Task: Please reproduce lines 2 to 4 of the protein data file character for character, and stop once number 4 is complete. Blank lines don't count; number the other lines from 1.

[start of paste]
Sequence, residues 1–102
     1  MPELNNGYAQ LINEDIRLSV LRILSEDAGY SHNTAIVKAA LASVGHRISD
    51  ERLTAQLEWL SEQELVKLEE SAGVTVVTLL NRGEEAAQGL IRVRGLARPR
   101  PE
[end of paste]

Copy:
     1  MPELNNGYAQ LINEDIRLSV LRILSEDAGY SHNTAIVKAA LASVGHRISD
    51  ERLTAQLEWL SEQELVKLEE SAGVTVVTLL NRGEEAAQGL IRVRGLARPR
   101  PE